Michael Moore - alto saxophone, clarinet, bass clarinet, melodica, bird whistles
Tristan Honsinger - cello, voice
Cor Fuhler - keyolin, piano, organ
This is chamber music composed and performed by three people. To describe it any other way would be to accept the whole patrilinear packet of western music history which so conveniently divides us all into composer, performers, improvisors, listeners, jazz musicians, etc. This music is traditional: we are part of the international and. more specifically, Dutch improvised music traditions. As in much of contemporary music the form is organic; what could be better than decisions made in real time? The music is about timing and texture; the sounds that we make and how they interact with each other. The written material is used more as a point of reference than as an entity to be faithfully reproduced.
'Welcome to "Air Street"!
That`s the title of Michael Moore's second release under the "between the lines" label. "Air Street" continues the concept of "Monitor" (btl 003), its predecessor, as the line-up clearly shows: Moore again performs with Cor Fuhler (piano, hammond organ and keyolin (a home-made hybrid between violin and piano) and cellist Tristan Honsinger.
"Air Street" is a little street in the centre of London and the opening of Moore's new release sounds "very British": his three-part composition "Train chords / Spiky-haired boy / Mule standing in the field" starts with an intro by Tristan Honsinger, which develops into a melody reminiscent of the English "Penguin Café Orchestra"...
The comparison, however, does not get one further than the next street corner, for the music of Moore, Fuhler and Honsinger deliberately defies pigeon-holing. Michael Moore sums up the group's concept very simply: "'Air Street' is chamber music, composed and played by three people." Full stop. Moore is not a believer in the classical distribution of roles that is so common in European music history. On "Air Street", all three musicians perform on an equal footing: as composers, soloists, but also as listeners... The egalitarian concept also extends to the musical styles: if Moore were to be part of any one line of tradition at all, it could only be that of Dutch improvised music. Ever since the American took up permanent residence in the Netherlands, he has been part of the close-knit circle of the Dutch avant-garde scene. That he is a virtuoso of improvisation, he has already proven in groups such as the legendary "Clusone 3" (together with Ernst Reijseger and Han Bennink). And Moore still impresses us with his brilliant spur-of-the-moment ideas: in passing, he evokes different stations of western musical culture and, true to Dutch tradition, always does it with a twinkle in his eyes....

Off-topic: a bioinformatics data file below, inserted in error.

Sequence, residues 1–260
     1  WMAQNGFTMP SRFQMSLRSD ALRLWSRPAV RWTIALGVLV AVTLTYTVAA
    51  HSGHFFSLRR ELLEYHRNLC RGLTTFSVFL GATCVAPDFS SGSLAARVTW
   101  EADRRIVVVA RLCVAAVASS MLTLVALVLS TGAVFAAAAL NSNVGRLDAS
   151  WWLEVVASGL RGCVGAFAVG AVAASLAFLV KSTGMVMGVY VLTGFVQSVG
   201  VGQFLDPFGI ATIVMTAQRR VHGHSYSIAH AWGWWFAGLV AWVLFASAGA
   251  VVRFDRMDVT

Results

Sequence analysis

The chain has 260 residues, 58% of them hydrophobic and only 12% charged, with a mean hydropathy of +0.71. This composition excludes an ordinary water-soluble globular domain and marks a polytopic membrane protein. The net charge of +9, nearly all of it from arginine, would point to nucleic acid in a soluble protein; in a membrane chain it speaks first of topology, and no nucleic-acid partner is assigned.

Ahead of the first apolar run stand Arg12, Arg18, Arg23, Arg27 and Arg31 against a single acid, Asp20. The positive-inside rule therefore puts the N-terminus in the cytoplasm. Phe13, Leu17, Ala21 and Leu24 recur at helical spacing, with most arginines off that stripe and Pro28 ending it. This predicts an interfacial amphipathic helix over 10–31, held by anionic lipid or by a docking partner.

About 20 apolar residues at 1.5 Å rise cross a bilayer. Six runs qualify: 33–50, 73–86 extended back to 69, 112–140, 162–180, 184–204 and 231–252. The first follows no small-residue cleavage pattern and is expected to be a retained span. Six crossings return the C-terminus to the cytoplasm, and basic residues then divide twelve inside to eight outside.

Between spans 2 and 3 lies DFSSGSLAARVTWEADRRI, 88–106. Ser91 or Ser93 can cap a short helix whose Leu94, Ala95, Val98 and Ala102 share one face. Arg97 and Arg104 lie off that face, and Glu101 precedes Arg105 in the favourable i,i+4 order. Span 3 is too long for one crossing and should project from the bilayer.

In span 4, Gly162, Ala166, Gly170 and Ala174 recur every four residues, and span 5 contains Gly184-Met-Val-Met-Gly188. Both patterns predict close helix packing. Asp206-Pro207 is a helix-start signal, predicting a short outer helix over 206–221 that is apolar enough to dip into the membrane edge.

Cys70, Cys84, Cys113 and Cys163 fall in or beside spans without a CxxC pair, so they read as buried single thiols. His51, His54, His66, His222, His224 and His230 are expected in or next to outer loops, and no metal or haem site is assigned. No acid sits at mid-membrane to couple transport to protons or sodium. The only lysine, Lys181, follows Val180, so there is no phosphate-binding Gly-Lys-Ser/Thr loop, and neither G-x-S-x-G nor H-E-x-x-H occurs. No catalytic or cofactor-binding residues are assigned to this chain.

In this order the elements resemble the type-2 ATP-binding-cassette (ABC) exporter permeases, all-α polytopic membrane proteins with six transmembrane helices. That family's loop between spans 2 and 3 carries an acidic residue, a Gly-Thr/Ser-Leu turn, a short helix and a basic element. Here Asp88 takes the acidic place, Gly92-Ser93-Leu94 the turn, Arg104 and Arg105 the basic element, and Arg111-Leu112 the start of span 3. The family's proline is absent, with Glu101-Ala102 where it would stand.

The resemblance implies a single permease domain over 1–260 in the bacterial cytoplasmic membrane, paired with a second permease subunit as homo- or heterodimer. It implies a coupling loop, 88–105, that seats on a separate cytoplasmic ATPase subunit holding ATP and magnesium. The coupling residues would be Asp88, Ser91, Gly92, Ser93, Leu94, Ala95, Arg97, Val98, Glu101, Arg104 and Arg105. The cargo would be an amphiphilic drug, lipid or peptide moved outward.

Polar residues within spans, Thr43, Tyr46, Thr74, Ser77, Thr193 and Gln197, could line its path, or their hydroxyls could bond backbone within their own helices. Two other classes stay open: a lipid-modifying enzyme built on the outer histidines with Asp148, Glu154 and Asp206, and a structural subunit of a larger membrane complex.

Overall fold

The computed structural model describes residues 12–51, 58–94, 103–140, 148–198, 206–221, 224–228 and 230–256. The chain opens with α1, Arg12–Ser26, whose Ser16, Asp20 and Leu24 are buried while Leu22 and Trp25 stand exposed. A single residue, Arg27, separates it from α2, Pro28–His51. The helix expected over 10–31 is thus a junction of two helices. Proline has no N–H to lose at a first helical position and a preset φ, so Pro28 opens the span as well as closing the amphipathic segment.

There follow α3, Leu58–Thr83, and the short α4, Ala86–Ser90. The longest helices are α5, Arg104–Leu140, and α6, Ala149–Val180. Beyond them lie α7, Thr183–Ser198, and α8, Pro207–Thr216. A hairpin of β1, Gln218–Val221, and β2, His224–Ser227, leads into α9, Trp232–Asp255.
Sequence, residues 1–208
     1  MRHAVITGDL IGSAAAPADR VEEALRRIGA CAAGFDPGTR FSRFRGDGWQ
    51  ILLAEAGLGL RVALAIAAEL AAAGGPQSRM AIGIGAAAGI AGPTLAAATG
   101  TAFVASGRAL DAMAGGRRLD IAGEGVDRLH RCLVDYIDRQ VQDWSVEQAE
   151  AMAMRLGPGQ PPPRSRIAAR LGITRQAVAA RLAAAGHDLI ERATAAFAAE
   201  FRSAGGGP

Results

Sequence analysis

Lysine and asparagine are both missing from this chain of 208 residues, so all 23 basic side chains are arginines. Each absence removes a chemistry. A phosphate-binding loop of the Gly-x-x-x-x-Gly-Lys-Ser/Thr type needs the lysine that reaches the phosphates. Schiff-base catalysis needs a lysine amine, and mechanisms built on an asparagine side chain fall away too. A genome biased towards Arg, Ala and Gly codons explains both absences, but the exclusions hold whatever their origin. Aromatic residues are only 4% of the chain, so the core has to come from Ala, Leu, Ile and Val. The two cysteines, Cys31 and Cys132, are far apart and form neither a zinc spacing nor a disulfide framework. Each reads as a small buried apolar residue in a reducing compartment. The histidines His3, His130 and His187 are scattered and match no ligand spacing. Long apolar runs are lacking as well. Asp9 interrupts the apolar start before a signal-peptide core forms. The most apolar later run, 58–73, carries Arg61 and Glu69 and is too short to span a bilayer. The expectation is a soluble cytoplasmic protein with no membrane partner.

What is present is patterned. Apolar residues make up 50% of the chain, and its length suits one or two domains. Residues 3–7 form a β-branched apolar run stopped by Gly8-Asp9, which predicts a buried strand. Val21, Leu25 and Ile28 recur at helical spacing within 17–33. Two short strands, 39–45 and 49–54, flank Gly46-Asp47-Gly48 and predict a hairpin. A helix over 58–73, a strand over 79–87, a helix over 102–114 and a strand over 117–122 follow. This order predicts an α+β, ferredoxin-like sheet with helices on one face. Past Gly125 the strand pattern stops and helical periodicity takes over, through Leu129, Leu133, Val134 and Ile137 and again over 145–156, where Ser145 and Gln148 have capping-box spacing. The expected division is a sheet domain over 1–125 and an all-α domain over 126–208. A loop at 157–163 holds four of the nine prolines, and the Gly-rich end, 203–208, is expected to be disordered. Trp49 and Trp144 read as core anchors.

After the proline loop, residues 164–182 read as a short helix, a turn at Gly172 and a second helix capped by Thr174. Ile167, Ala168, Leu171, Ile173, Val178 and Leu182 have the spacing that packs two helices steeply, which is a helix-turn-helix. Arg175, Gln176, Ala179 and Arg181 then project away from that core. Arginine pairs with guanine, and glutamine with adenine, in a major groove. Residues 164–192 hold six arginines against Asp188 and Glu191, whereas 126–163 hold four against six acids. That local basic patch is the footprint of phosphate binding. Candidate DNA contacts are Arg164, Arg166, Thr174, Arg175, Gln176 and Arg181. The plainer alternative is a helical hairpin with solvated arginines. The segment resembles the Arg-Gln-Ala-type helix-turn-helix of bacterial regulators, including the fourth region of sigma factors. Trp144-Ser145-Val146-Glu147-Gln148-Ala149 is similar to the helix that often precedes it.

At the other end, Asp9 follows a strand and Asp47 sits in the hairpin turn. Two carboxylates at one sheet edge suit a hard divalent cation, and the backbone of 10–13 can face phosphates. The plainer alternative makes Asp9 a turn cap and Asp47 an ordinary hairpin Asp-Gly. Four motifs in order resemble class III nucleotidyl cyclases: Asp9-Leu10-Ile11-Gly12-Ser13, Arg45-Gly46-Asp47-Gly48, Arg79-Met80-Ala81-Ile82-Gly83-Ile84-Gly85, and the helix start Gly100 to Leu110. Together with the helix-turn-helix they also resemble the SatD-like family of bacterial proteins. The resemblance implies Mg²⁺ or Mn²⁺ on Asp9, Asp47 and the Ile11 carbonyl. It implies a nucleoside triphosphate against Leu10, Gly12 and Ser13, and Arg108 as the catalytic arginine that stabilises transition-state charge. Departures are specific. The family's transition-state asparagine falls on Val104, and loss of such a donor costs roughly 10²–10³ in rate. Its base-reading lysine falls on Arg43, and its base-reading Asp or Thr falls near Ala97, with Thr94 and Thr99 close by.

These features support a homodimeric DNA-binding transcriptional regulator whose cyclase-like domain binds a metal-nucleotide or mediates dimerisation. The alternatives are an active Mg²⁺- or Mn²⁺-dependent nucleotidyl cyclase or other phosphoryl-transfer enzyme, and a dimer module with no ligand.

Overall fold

Regrettably, "Clusone 3" are no longer around but "Air Street", the new product of the Michael Moore Trio, is very much alive and kicking!'